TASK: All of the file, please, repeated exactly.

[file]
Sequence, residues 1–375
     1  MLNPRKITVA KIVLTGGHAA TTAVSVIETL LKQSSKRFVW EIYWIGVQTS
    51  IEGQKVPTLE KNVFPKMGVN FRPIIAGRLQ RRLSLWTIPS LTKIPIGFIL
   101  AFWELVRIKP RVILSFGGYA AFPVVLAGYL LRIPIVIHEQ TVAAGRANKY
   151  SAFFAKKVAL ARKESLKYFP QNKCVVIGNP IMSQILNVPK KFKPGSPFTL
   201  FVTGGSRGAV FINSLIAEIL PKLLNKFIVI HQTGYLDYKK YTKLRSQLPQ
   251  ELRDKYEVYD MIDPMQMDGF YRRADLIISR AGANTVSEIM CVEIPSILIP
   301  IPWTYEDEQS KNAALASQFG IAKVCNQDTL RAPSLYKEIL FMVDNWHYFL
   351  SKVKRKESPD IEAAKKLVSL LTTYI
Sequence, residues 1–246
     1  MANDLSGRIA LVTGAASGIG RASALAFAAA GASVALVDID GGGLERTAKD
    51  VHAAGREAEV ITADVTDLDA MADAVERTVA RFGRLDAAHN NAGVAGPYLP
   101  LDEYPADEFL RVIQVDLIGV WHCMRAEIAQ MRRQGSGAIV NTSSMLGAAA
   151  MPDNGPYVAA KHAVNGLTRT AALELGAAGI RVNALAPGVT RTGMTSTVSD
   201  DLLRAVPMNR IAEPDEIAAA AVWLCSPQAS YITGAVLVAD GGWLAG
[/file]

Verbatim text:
Sequence, residues 1–375
     1  MLNPRKITVA KIVLTGGHAA TTAVSVIETL LKQSSKRFVW EIYWIGVQTS
    51  IEGQKVPTLE KNVFPKMGVN FRPIIAGRLQ RRLSLWTIPS LTKIPIGFIL
   101  AFWELVRIKP RVILSFGGYA AFPVVLAGYL LRIPIVIHEQ TVAAGRANKY
   151  SAFFAKKVAL ARKESLKYFP QNKCVVIGNP IMSQILNVPK KFKPGSPFTL
   201  FVTGGSRGAV FINSLIAEIL PKLLNKFIVI HQTGYLDYKK YTKLRSQLPQ
   251  ELRDKYEVYD MIDPMQMDGF YRRADLIISR AGANTVSEIM CVEIPSILIP
   301  IPWTYEDEQS KNAALASQFG IAKVCNQDTL RAPSLYKEIL FMVDNWHYFL
   351  SKVKRKESPD IEAAKKLVSL LTTYI
Sequence, residues 1–246
     1  MANDLSGRIA LVTGAASGIG RASALAFAAA GASVALVDID GGGLERTAKD
    51  VHAAGREAEV ITADVTDLDA MADAVERTVA RFGRLDAAHN NAGVAGPYLP
   101  LDEYPADEFL RVIQVDLIGV WHCMRAEIAQ MRRQGSGAIV NTSSMLGAAA
   151  MPDNGPYVAA KHAVNGLTRT AALELGAAGI RVNALAPGVT RTGMTSTVSD
   201  DLLRAVPMNR IAEPDEIAAA AVWLCSPQAS YITGAVLVAD GGWLAG